2.2 Text Messaging as a Behavioral Intervention
Text messaging, in comparison to smartphone applications, has been far more successful at delivering weight loss interventions. It is cost-effective, and given the nearly universal use of cell phones, it is easily accessible. Text messaging requires minimal effort, is non-intrusive and can be read at the convenience of the user. The current study will build on previous text messaging interventions by utilizing text messaging in conjunction with smartphone applications. Participants who engage in smartphone self-monitoring and receive periodic feedback from a health coach are likely to achieve successful behavior change. Text messaging can enhance the effectiveness of the feedback by posing as a reminder or encouragement to complete the assessment and/or check the tracking tool.
Smartphone technology has been used as an automated self-care tool for chronic disease management and behavioral intervention. Behavioral intervention is a method considerably successful at modifying lifestyle behavior, and is closely related to self-monitoring. Smartphone technology enables the user to monitor and obtain feedback on their own behavior. Self-monitoring reduces the disparity between intention and behavior, and the presence or absence of the desired behavior is noted and evaluated (Rao and Katapodi, 2010). Self-monitoring has been significantly related to greater weight loss and maintenance, and to a degree, it determines the success of the behavior change. Participants who self-monitor, on a consistent basis, are most likely to achieve successful weight loss. Participants who engage in self-monitoring consistently, at least once per day, are more likely to maintain their weight loss. Smartphone technology capitalizes on self-monitoring through behavioral assessment surveys, tracking tools, and peer or professional feedback.
2.3 Previous Studies on Smartphone Technology and Text Messaging for Weight Loss
In a study conducted by Hurling et al. (2009), an 18-month intervention using mobile phone text messaging was conducted for 177 overweight individuals. The intervention was based on the theory of planned behavior and social support. The participants were required to set themselves a weekly lifestyle goal and report this goal to a supportive partner. The hypothesis being that the act of setting the goal and also the supportive accountability would result in a behavior change. Although there was no significant difference in weight loss at the end of the study between the intervention and control group, it was found that the intervention achieved positive outcomes in relation to physical activity, healthy eating, and the outcomes were sustainable during the 12-week maintenance phase. This study was further evidence to suggest that using technology has great potential for weight loss behavior change interventions.
In a recent study by Patrick et al. (2009), twenty moderately obese adults with a mean age of 41 years were randomized into a 16-week PDA intervention or a delayed treatment control group. The PDA group was provided with a PDA and an application designed to monitor eating and physical activity. The participants were instructed to hotsync their PDAs each day, and the researchers monitored their progress and provided weekly feedback during a phone call or email. It was found that the PDA group decreased their daily fat intake by 4.7g/sd compared to a 2.1g/sd decrease in the control group. The PDA group also increased their physical activity by 29 minutes a week compared to a 21-minute decrease in the control group. Although the results were not significant due to the pilot nature and small sample size of the study, it demonstrated the potential of using technology to deliver weight loss interventions and provide a method of dietary and physical activity self-monitoring.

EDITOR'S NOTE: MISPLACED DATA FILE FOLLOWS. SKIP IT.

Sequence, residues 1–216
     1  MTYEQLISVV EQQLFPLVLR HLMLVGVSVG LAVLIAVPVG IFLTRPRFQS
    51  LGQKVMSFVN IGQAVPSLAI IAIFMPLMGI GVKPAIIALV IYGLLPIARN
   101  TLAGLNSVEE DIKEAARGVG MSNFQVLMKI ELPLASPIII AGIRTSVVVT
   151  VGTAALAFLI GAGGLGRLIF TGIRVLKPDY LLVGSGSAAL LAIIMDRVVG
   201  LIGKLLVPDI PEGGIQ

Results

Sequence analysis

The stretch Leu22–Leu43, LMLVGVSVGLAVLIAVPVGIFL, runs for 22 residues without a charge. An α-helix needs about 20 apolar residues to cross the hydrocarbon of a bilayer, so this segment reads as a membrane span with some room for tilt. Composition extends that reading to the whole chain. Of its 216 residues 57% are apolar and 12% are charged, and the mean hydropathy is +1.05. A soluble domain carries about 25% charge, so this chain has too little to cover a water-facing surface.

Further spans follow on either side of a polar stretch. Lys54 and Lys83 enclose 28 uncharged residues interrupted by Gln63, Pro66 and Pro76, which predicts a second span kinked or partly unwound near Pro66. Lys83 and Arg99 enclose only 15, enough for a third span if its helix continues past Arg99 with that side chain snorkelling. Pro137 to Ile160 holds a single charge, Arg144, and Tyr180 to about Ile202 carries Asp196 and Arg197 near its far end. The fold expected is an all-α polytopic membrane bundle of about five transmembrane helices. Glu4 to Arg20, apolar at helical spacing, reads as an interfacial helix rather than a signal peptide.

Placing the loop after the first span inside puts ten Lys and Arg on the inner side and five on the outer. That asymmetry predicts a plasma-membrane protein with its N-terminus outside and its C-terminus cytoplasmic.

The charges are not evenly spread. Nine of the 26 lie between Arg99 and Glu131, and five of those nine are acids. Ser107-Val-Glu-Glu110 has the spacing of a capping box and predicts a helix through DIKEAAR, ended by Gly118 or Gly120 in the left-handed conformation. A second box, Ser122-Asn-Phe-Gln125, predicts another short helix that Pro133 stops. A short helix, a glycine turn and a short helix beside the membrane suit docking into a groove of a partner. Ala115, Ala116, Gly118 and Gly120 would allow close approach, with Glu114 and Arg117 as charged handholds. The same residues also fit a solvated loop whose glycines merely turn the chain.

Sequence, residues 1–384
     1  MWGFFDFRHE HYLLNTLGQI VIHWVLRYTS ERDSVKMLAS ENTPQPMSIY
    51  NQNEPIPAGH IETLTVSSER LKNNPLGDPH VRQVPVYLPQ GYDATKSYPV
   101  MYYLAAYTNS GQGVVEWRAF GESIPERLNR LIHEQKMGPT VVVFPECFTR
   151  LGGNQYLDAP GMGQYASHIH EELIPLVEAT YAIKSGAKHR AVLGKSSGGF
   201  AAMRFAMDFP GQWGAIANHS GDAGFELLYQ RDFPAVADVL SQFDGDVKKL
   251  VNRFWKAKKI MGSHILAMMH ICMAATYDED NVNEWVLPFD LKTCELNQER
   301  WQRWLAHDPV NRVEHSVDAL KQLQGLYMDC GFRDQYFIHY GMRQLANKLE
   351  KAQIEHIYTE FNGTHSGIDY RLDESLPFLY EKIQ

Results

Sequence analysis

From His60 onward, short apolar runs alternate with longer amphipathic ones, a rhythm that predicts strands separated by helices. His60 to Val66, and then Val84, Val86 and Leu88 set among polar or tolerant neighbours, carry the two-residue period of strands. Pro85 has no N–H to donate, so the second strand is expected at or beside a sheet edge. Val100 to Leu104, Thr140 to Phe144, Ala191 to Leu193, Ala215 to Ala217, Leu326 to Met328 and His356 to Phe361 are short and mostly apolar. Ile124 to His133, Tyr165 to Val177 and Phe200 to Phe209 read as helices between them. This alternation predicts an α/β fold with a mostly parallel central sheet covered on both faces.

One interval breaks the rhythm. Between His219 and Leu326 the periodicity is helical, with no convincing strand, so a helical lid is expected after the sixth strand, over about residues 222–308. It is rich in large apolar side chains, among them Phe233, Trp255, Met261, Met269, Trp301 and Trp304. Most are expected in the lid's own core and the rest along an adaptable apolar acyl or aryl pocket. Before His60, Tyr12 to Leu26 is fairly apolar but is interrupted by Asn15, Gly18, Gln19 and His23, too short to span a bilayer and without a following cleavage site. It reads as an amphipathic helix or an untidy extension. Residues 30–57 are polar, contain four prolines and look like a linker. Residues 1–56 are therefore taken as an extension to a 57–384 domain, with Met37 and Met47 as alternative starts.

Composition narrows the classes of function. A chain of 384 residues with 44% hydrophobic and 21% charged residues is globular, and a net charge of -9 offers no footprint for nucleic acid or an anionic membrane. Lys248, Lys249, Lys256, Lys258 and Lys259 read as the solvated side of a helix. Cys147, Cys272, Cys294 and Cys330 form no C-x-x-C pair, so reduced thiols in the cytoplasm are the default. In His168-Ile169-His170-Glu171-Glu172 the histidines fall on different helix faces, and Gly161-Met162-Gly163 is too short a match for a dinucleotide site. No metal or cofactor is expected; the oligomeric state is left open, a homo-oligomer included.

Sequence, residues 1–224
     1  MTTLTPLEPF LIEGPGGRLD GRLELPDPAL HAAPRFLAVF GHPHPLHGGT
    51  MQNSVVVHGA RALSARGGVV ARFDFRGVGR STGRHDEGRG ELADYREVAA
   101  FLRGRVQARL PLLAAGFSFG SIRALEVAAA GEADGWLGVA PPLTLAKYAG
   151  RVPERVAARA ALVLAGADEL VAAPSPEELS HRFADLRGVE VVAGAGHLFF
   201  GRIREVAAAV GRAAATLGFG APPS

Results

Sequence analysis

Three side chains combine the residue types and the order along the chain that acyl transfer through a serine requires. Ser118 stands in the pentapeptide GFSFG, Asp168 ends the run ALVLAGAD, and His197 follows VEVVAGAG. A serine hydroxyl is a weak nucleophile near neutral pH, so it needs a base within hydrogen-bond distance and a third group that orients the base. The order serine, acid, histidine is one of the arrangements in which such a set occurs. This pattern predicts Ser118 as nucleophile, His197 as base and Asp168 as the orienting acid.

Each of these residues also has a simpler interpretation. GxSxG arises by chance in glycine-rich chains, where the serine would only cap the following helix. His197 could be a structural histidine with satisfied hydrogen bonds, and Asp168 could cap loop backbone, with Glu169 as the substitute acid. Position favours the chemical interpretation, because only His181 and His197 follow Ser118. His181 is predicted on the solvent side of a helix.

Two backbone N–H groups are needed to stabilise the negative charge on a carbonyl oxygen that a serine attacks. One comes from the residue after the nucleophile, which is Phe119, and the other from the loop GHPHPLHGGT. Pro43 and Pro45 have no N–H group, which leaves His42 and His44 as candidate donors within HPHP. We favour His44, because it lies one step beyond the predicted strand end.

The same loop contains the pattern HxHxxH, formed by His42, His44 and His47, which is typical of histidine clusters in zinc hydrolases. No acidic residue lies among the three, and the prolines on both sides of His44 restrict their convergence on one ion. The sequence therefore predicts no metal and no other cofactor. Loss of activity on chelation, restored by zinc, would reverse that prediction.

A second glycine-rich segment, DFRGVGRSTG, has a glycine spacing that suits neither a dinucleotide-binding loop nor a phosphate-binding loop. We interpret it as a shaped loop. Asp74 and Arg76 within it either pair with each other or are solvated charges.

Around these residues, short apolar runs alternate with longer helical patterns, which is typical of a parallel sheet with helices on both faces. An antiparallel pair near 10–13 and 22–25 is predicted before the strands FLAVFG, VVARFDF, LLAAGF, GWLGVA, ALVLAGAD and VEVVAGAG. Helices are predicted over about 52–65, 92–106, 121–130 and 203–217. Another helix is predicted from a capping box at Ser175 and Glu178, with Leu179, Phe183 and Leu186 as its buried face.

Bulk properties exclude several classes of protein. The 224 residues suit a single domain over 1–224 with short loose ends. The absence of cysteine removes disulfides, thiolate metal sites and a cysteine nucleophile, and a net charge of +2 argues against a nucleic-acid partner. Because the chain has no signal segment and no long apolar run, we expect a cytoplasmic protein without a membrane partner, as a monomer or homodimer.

3. Methodology
In stage 1, we used a qualitative research method (described below) to inform the development of a tailored text messaging program to be tested for weight loss in stage 2. Participants were recruited using a variety of methods to take part in a focus group (detailed in paragraph 3.2), semi-structured interviews, and one-on-one user testing sessions with the lead author. All data pertaining to qualitative methods has been reported in accordance with the RATS guidelines for reporting qualitative research (http://www.biomedcentral.com/authors/rats). Owing to the RATS guidelines, no data was omitted from the report. Participants were compensated for their time with a $30 store voucher for each of the interviews and testing sessions and a free program to the value of $30 on completion of the testing.
This research study used mixed methods to explore the views and experiences of young adults using text messaging to support weight loss. Mixed methods research has been defined as an approach to research in social science and other health-related research fields that attempts to combine strategies used in qualitative research with those used in quantitative research. The aim of using this approach was to provide a better understanding of the least effective ways to use text message technology for weight loss. This methodology is designed to get both participant views and weight outcomes. The views and experiences of participants are best explored using qualitative methods, whereas gaining weight changes can be more accurately quantified using quantitative methods. This study was conducted consecutively over two stages using two different samples.
3.1 Research Design
This study will utilize a two-arm randomized control trial (RCT) design with a separation of 6 months. The intervention group will have access to the weight loss text messaging system on their mobile phones while the control group will not receive any messages. Measures of weight, and self-reported physical activity and diet will be collected at the beginning of the study (0 months) and at the end of each 3-month interval. Measures will be obtained by both the control and the intervention subjects.